Deviation meter!?!

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Billybob
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Mon Jun 15, 2009 11:15 am

Hiya all again,
If you have been following my last few posts, Ive been given a a box of old CB radio bits n bobs.
Some of witch I've never really messed with before, so I've posted said items in this forum to get a bit of info on
what they do, and why you would use them. :)

This post is no diffrent I'm afraid :wink:

In this box of CB radio goodies ive now found a FM CB Deviation/SWR meter.

The SWR meter side of things is straight forward.ie. FWD/REF,calibration knob. :)

But there is also a Deviation side to this meter, again it has the two PL259 ANT/TRANS plug sockets on the rear, but also a power lead,(12V) leading from the back to power up.

The meter it self shows a range left to right 0-3KHz.

Am I right in thinking its a gadget to monitor modulation or somewere around that field? :?

As always any info on this little box would be most appreciated. :) :)
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stampman
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Mon Jun 15, 2009 11:56 am

yes you are right should read about 2 for fm higher than this and it over modulates

:D :D :D *King* *King* *King*
if it anit broke dont fix it
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disgwylfa
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Mon Jun 15, 2009 6:29 pm

If you want a bit of the background "theory" type of stuff to go with Stampman's practical answer....

Legal CB radios use a type of FM called Narrow Band FM (NBFM) as opposed to Wide Band FM as used by broadcasting and so forth.
The difference between the two types of FM is, "the maximum allowable frequency shift of the carrier when the transmitter is fully modulated ". That shift is called the Deviation.

Apparently (I didn't know this until I just looked it up :) ), legal CB has a maximum permissable deviation of 3kHz - which will be why your meter is scaled up to 3 - That's a legal max with whatever law (FCC or Euro) and would be one of many compliance mandates for a radio to get a "PR27/95" (or one of the others) "Type approval", or the FCC equivalent thereof. It doesn't mean that a radio will sound right on 3kHz, just that it's legit and operating "within band"
Billybob
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Tue Jun 16, 2009 1:26 pm

Aah, got ya! 8)

So it could be a good tool for when ajusting your mic gain, or say a new power mic as such, or anything that could create that shift! :|

Thanks again guys for helping me through this box of boxes! =D>

With out you guys I would be definatly giving it some of this... ](*,)

Last of the boxes is somthing called a FM super crunch! Dont ask, Ive not a clue! :roll:

Sounds painfull to me :-s

In a bit guys..

Billybob..*
:-Stupid
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disgwylfa
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Tue Jun 16, 2009 4:54 pm

Billybob wrote:
Last of the boxes is somthing called a FM super crunch!
It's a speech processor of some sort. I saw one on the auction site and wondered what it was and Offplanet kindly sent me a link to a YouTube video of someone demonstrating the "FM Super Krunch" (I think it was Krunch with a "K" in the vid).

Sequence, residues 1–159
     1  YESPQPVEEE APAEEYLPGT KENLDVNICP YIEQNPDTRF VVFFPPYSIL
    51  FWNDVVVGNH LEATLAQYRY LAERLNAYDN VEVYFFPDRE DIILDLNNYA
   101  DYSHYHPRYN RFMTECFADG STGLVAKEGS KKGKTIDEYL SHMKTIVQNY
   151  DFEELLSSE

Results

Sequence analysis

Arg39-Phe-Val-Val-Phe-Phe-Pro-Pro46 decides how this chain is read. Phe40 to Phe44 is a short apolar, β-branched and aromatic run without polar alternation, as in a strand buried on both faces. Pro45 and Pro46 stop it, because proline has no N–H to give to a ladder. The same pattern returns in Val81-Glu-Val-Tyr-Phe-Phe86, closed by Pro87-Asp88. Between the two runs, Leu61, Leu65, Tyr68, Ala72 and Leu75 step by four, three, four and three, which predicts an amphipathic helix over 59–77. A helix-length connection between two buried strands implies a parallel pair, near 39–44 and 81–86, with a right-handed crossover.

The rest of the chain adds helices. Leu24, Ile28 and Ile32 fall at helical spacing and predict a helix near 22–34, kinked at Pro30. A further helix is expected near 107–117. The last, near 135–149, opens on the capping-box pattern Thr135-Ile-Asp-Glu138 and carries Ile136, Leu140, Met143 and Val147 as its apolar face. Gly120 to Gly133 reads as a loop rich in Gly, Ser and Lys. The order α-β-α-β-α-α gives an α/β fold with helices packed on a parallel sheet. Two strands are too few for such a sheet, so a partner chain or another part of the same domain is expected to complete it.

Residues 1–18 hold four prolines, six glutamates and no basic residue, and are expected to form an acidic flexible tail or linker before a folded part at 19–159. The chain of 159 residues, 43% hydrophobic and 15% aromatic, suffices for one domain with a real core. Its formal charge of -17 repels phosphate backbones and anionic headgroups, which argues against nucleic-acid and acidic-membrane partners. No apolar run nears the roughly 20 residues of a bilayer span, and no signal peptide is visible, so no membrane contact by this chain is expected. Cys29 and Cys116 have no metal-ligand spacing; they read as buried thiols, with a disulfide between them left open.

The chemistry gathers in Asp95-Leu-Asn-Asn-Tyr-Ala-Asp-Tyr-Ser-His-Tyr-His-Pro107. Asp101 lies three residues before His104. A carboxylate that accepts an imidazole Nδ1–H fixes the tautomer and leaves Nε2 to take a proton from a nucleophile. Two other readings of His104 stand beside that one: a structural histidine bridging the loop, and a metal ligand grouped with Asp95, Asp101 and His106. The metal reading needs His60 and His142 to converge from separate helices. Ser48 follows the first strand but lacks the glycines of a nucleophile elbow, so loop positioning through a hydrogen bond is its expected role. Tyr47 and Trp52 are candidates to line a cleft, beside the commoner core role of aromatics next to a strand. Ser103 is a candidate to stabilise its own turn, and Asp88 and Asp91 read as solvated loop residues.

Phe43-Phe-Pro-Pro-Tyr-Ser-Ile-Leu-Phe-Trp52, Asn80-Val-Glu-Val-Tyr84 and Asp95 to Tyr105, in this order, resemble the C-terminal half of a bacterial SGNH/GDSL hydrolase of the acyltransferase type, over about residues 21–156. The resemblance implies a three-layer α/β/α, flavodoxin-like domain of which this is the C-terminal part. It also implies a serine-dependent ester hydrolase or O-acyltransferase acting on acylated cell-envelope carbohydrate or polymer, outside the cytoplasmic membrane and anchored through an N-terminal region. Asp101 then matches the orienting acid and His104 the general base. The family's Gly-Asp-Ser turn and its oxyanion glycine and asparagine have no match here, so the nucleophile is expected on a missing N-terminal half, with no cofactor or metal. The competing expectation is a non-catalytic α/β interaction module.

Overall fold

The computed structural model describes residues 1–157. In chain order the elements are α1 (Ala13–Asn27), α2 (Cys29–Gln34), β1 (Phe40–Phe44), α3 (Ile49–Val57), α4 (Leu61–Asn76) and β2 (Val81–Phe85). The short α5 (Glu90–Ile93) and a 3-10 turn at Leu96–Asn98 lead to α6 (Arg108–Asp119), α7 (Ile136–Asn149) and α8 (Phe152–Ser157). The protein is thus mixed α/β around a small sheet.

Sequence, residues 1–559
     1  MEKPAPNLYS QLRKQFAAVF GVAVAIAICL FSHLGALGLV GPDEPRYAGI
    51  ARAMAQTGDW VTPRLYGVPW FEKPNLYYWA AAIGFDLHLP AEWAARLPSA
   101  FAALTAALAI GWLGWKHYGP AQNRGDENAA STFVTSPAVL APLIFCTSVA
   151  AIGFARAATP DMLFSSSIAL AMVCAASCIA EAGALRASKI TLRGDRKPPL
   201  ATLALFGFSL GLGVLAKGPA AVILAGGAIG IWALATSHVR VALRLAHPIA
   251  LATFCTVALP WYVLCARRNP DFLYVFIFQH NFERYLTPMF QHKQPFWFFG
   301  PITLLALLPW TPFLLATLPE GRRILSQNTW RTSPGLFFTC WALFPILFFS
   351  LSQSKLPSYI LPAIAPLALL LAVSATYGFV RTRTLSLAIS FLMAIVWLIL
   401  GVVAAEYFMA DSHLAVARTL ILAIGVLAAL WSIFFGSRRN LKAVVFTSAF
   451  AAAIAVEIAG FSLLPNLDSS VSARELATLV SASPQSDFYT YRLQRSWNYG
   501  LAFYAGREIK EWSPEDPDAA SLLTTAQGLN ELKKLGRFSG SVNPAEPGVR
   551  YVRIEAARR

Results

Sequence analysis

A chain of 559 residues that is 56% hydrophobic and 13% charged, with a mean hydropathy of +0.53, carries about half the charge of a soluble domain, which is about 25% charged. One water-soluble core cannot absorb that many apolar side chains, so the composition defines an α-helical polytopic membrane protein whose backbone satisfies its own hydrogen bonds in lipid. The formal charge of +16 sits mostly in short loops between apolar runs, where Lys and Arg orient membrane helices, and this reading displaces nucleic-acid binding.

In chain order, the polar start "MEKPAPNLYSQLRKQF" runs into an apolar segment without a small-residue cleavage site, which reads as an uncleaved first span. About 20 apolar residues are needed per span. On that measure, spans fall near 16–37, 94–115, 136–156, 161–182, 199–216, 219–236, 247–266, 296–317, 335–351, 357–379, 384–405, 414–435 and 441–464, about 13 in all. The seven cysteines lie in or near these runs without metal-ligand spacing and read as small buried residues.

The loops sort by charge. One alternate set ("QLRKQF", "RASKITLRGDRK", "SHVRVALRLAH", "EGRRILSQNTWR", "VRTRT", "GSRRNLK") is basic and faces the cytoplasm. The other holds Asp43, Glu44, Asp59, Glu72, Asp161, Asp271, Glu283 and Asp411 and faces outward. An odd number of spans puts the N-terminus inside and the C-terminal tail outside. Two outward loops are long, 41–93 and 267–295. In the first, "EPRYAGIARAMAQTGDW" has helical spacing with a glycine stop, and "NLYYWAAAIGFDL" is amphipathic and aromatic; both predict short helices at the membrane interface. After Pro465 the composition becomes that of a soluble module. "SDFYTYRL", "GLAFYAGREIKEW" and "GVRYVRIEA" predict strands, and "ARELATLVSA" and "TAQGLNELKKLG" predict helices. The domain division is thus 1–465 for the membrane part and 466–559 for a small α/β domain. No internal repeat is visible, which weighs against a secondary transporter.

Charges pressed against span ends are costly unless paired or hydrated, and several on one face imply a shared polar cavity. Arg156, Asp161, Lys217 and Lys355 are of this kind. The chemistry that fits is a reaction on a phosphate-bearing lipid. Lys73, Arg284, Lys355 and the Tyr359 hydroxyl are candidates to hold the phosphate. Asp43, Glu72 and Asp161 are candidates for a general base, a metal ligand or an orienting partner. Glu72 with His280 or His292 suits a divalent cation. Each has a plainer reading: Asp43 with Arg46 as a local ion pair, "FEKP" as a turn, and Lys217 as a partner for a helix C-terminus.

Of course, I can't find the link now, nor the video on YouTube.

Maybe Offplanet can find the link again?
Offplanet
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Tue Jun 16, 2009 5:43 pm

Billybob
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Wed Jun 17, 2009 2:27 pm

I couldnt really tell any diffrence from when it was in/off line :|

So I take it's surppose some sort of squelch box in effect!

I dont think this one here of mine is working :(

Anyhoo, thanks for the video link offplanet, and to steve, for helping sort out these gadgets.

It's starting to get a bit of a CB radio junkyard over here! :oops:

'Not complaining', just stating :lol:

Boys n toys ay! :roll:

Billybob..* :D :D :D
bobthetank
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Thu Sep 17, 2015 1:45 pm

Hi All
Narrow Fm on cb bands is 2.0khz peak deviation for 1khz test tone applied to radio generally.
speech peaks 2-2.2khz acceptable for 10khz spacing channels.
Dont confuse mic gain with fm deviation its not the same.

Fm deviation is where it limits no matter how much input you drive to microphone input on radio.

If you do not have a test tone generator,set mic gain to max and whistle or say "Five" into microphone ,then set Deviation for about 2.2khz peak.
I would not exceed 2.5khz max.

If audio still sound low on transmit the microphone drive level can be increased,either thru a pre-amp mic or by delving in the radios mic pre-amp circuit.

Export radio commonly have the fm deviation set way to high type 4-5khz,this is because USA,North American hams are still using Wide FM 5khz peak systems, not narrow FM max 2.5khz in europe and UK on 10\11m band,in most cases personally I turn them down to meet UK\EU specs as they can over deviate and cause splashing of audio on normal cb radio radio or worse your radio squelch can chop if receiving wide deviation (5khz)from these radios,I get this problem locally in my area with peeps using ham gear on Cb band,generally some some can be switched to narrow fm mode for better compatibility with legal cb radios.
Fm filters on NFM are 6 to 9khz wide sot setting your deviation to high to make it sound louder can cause it to splash wider than the receive filters on other persons radio receiving your fm transmission.
This its why important to set it no further than 2.5khz peak max.
Hope that explains the difference ,I could go a bit deeper if requested.

have fun setting fm dev up!
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